• We aim to enable our pupils to read confidently, fluently, accurately and with understanding.
• We aim to employ a full range of reading cues - phonic, graphic, syntactic, contextual - to monitor, correct and make sense of their own reading.
• We aim to foster an interest in words and their meanings and to gain an appreciation of books from a variety of genres.
• We aim to enable the children to find books interesting, to read with enjoyment and to evaluate and justify their preferences.
• We aim to develop a suitable technical vocabulary through which to understand and discuss their reading.
• We aim to develop reading skills in tandem with those of writing, so that they may function in society, as literate adults and readers for life.
• We aim to create reading opportunities across all areas of the curriculum, to make it more meaningful and relevant to the children.
The aim of our enlivening reading lessons is to expose pupils to a range of texts, including ones that they can identify with which are culturally diverse. Pupils are introduced to texts through the exploration of targeted vocabulary. Through further text exploration, we focus is on the key reading strategies: inferring, predicting, summarising, evaluating, making links/connections and questioning which support comprehension skills.
At Mount Stewarts, all our children are provided with a login for our online reading program. We encourage our children to log into their Bug Club account and read daily either independently or with an adult.
What is Bug Club?
Bug Club is a finely levelled, phonically based online reading scheme with interactive activities. Each child has a personalized homepage where they'll find the e-Books they've been allocated by the teacher and motivating rewards. This ensures that each child can find a book at exactly the right level for them. The online reading world ensures children can access independent reading resources anywhere at any time. New books will be allocated regularly.
Bug Club books have a fantastic range of titles, which are graded into the same colour-coded Book Band levels that we use in school. Within each level, there is a carefully planned progression of books. This fine progression gives children plenty of opportunities to develop their reading skills and master each fine step while moving through the reading programme.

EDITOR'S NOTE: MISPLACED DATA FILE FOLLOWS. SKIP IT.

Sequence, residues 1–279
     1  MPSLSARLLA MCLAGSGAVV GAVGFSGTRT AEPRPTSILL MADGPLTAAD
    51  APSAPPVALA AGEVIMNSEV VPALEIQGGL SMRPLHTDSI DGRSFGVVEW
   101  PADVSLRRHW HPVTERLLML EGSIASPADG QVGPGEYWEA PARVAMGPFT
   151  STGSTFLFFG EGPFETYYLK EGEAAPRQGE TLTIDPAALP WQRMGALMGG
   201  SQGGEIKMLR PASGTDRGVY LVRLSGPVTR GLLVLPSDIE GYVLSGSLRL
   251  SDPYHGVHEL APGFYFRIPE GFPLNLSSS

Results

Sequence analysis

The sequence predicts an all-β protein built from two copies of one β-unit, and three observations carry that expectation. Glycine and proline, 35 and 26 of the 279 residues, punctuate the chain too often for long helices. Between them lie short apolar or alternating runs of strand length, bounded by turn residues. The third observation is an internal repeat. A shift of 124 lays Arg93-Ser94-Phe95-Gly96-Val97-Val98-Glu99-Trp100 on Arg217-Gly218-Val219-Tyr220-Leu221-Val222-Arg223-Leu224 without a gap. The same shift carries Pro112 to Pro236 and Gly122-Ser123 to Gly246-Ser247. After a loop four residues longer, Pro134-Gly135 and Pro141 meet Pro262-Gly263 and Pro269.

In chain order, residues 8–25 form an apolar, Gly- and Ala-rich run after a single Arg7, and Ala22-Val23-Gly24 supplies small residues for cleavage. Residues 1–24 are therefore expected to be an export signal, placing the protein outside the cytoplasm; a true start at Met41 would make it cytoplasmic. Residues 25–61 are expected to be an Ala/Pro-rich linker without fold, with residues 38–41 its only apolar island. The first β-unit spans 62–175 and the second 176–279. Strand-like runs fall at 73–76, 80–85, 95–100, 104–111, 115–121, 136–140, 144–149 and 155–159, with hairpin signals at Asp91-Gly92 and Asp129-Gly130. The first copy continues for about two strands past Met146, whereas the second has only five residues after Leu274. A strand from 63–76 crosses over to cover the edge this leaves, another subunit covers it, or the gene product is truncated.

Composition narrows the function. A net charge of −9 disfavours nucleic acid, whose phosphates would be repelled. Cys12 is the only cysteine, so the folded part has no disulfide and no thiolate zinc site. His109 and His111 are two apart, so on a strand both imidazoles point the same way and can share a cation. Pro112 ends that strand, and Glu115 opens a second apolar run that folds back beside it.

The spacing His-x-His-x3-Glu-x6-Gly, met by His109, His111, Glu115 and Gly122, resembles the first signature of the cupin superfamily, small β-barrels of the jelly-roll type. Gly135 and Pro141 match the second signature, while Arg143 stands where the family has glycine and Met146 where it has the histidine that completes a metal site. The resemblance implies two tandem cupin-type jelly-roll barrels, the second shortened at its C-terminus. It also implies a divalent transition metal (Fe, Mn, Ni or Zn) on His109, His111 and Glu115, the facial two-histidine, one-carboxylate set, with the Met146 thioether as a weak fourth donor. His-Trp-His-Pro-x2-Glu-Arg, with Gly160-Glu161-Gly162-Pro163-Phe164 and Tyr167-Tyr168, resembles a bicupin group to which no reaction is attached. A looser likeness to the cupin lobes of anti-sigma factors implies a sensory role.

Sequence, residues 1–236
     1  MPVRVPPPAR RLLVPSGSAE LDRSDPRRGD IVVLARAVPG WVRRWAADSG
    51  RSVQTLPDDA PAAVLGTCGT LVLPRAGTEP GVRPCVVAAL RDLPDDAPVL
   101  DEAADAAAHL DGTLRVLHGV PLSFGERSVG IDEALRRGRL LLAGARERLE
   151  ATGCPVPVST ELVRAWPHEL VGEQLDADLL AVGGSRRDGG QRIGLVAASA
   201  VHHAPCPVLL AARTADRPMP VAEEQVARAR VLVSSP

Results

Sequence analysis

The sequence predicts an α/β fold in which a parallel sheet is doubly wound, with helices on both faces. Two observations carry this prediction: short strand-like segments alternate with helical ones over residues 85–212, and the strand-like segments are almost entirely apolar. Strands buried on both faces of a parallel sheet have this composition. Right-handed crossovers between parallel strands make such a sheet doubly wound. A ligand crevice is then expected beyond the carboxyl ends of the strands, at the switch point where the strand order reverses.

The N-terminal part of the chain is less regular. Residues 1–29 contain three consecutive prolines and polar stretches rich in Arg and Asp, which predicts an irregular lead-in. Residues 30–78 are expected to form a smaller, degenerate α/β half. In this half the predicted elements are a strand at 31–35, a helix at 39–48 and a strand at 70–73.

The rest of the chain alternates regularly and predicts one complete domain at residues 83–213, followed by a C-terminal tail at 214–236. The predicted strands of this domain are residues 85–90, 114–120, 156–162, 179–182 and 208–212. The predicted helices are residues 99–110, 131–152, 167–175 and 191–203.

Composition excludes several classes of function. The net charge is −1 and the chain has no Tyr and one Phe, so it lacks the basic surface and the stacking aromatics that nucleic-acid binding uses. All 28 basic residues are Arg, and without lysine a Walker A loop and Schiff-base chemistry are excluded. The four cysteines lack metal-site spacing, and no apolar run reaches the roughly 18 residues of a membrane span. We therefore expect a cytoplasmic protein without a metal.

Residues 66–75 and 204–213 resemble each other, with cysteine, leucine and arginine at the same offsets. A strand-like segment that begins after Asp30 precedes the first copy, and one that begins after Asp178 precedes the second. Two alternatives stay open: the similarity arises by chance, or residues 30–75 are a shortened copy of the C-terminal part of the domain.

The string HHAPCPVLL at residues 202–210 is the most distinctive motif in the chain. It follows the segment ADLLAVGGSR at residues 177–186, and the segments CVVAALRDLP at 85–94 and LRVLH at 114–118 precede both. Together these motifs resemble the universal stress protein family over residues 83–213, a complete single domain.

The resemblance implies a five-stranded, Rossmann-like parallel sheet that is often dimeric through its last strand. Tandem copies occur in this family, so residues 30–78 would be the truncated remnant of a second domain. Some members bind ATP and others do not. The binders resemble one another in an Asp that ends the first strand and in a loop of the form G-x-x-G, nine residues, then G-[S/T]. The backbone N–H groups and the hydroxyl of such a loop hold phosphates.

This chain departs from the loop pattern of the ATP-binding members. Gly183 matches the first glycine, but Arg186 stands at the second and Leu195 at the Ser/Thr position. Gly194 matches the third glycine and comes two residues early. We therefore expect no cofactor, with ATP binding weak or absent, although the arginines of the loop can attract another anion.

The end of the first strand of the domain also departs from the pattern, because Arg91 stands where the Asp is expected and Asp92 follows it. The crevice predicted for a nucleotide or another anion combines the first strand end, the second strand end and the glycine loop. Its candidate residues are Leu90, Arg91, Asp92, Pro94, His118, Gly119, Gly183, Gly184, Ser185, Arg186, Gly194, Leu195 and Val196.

What is the best way to use Bug Club?
• Spend time hearing your child read or read a book with them if they are still developing their phonic skills.
• Talk to your child about the book they have chosen. Challenge your child to be a book detective: look at the book cover and see if they can guess what the book will be about or what type of book it is
• Initially they may want to listen to the book and can do this by pressing on the speaker icon
• Now get your child to read the book (as you would do with their home reading book) getting them to use their different strategies like phonics, tricky words, and the context of the sentence.
• Re-read the book if necessary. Your child should be able to read it independently before they move onto the next book.
• Take time over each book to get the most learning from it.
• One or two books a week is plenty if they are done thoroughly and for children who are reading longer texts, they may need to spend a couple of weeks on one text.
What can I do to help reading comprehension?
• Understanding the book is vital
• As you read together, talk about what is happening in the book, what might happen next, and anything that has puzzled them. Get your child to re-tell the main parts of the story, using the pictures as a prompt if they need it. When your child finishes a book, ask them whether they liked it or not and encourage them to explain why.
• Now would be a good time to do the activities linked to the book.
• Click on the bug icon. If they get it wrong, talk about the activity and have another go. Try to discourage guessing.
Getting more from electronic books
It is important that your child can read the books fluently and understand the information before they move on. If they race through they will not be ready for books from the next colour band and will struggle. This will really affect motivation.
If you don’t have access to a computer or prefer for your child not to use online reading they can still enjoy a hard copy of the books
How does the teacher know how my child is getting on?
The teacher is able to log on and see what books your child has accessed and how many attempts it has taken to get the answers to the activities correct.
If you are sure your child can read the books fluently write a note in your child’s reading diary and the teacher will select one of the books and get your child to read it to do a quick assessment as the next colour will be harder.